Lord Northampton has pledged to set up an arts and heritage fund in Northamptonshire with some of the proceeds from the controversial sale of the Egyptian statue, Sekhemka.
The statue sold for more than £15 million at Christie’s on Thursday night - well above the expected estimate of £6 million. Fifty-five percent of the proceeds went to Northampton Borough Council and the remainder went to Lord Northampton.
Lord Northampton contacted Northamptonshire Community Foundation on Friday morning to say he would be donating £1 million to set up a fund to help small, grassroots projects and community groups who are deliver arts, cultural and heritage activities.
Chief executive, Victoria Miles, said the foundation was delighted with Lord Northampton’s offer.
“We were overwhelmed with this substantial gift of £1million, which can be used to provide essential funding for some of our smaller voluntary and charitable groups providing excellent community cultural activity across our county.
“We know Lord Northampton and his son Lord Compton very well, they are true supporters of ours and they have already given to our work around alleviating food poverty,” she added.
The money will go to organisations such as a world war memorial group, a community choir, volunteer networks supporting a heritage site or local museum, young people engaging with arts and music activities or any number of good causes in the arts and heritage field, she said.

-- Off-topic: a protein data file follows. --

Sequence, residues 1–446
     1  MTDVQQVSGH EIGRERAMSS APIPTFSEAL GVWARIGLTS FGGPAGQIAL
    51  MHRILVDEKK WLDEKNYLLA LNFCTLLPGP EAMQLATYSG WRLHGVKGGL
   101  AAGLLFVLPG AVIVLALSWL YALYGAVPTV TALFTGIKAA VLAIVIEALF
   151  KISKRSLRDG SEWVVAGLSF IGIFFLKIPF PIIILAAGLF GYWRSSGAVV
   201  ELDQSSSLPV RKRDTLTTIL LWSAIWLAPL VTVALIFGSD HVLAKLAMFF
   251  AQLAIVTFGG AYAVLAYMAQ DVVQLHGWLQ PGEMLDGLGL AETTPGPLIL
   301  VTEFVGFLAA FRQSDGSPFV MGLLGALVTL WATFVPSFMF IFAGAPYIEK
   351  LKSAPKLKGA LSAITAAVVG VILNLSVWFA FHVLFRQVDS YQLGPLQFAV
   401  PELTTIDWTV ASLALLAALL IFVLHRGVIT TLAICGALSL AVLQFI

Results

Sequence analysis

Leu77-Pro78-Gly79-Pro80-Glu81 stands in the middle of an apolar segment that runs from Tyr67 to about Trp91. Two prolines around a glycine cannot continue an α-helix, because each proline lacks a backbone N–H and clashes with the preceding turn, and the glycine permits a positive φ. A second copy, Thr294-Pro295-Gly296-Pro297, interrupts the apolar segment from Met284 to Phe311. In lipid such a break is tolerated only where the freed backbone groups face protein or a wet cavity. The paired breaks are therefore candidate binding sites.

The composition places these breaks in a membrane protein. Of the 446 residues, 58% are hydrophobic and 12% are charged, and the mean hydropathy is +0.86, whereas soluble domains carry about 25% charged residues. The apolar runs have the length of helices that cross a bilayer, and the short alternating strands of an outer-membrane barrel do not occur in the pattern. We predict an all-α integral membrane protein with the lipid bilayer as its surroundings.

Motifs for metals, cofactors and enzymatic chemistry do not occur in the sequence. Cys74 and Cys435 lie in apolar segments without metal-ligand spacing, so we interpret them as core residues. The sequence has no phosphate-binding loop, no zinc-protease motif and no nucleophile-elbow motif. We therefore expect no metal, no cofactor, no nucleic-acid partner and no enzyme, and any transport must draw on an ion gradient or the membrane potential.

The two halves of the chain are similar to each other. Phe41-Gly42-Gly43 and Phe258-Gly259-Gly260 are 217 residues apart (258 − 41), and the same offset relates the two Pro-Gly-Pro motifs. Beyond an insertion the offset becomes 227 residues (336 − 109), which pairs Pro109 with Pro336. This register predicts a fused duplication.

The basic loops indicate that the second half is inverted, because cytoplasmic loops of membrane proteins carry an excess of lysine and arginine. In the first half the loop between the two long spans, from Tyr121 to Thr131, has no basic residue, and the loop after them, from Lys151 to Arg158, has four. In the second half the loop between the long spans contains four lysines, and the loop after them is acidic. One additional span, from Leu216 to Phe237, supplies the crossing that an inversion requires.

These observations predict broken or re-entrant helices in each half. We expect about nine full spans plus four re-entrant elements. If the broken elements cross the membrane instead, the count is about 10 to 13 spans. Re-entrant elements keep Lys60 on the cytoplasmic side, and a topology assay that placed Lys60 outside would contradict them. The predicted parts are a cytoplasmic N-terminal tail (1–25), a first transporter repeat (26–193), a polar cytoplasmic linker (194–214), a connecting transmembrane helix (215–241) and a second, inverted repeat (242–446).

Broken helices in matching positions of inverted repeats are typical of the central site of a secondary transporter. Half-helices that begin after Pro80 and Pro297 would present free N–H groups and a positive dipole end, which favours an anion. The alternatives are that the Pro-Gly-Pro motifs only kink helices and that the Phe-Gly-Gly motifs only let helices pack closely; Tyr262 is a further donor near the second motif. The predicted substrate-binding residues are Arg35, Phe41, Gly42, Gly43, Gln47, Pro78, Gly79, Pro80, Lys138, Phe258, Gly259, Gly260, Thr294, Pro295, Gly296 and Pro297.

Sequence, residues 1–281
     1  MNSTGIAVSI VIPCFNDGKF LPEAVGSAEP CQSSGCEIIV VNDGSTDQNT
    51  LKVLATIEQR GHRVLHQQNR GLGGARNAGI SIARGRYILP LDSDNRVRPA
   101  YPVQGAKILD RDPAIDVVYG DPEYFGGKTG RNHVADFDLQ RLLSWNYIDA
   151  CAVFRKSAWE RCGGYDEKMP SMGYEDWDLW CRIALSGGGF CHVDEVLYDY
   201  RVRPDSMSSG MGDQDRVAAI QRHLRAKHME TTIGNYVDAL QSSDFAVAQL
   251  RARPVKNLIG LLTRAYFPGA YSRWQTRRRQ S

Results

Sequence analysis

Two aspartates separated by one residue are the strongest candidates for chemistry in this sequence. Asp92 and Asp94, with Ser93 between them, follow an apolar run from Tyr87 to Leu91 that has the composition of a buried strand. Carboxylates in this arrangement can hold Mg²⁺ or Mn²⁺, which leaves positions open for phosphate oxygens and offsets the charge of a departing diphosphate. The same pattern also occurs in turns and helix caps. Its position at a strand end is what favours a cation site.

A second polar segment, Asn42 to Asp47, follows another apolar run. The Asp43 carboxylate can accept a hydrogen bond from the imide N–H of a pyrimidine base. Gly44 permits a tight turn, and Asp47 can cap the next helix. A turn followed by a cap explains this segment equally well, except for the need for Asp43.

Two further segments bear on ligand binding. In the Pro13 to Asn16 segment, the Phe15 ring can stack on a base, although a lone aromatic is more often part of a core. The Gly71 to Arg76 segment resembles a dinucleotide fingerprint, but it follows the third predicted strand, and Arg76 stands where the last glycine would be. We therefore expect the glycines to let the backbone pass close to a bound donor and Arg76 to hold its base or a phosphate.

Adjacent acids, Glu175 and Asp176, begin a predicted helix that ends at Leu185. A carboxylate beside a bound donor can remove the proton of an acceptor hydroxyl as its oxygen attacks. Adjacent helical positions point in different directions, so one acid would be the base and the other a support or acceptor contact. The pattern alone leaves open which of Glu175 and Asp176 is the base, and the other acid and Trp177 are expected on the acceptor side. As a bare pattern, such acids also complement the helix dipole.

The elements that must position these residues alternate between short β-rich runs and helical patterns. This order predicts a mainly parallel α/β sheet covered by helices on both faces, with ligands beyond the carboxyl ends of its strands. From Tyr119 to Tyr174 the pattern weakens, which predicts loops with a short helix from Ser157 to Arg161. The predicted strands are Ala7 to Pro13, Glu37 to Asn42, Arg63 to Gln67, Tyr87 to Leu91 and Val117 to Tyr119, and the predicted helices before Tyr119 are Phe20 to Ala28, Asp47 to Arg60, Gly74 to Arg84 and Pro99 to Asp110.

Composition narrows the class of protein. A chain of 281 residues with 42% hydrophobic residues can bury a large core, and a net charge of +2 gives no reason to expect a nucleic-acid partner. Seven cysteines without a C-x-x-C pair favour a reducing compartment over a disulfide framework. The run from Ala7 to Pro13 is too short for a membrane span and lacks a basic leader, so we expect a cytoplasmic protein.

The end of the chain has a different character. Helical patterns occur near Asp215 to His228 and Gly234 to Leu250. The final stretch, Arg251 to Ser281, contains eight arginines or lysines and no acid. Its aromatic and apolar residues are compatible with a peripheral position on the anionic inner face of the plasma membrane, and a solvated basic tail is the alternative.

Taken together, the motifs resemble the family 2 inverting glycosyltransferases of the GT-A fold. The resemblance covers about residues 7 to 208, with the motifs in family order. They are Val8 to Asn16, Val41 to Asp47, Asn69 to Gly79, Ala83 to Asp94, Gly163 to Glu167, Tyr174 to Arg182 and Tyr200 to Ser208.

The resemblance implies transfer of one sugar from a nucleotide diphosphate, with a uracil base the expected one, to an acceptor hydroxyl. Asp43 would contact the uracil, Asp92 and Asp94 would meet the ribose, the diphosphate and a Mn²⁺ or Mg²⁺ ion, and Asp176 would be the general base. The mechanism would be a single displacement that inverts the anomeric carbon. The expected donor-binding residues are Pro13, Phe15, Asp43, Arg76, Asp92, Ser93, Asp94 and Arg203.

“Projects such as these have a great value for local people and thriving communities to support involvement, education and enjoyment of the cultural life of our the county and celebrating our shared history,” she added.
Lord Northampton said: “I’m delighted to be able to set up a dedicated Arts and Heritage fund with the Northamptonshire Community Foundation of which I have pledged a donation of £1 million.
“Hopefully, the foundation can attract further match funding and we can support generations of projects that support the cultural life of our county in perpetuity. The foundation is the go-to-place to ensure that grants are given out effectively and we have a long standing relationship with them as part of our family commitment to supporting the community.”
The controversial sale of the statue went ahead despite protests from campaign groups and the Egyptian government. The proceeds of the sale were split between the borough council and Lord Northampton. The borough council has vowed that its portion of the sale will be ring-fenced for the development of a new museum in Northampton.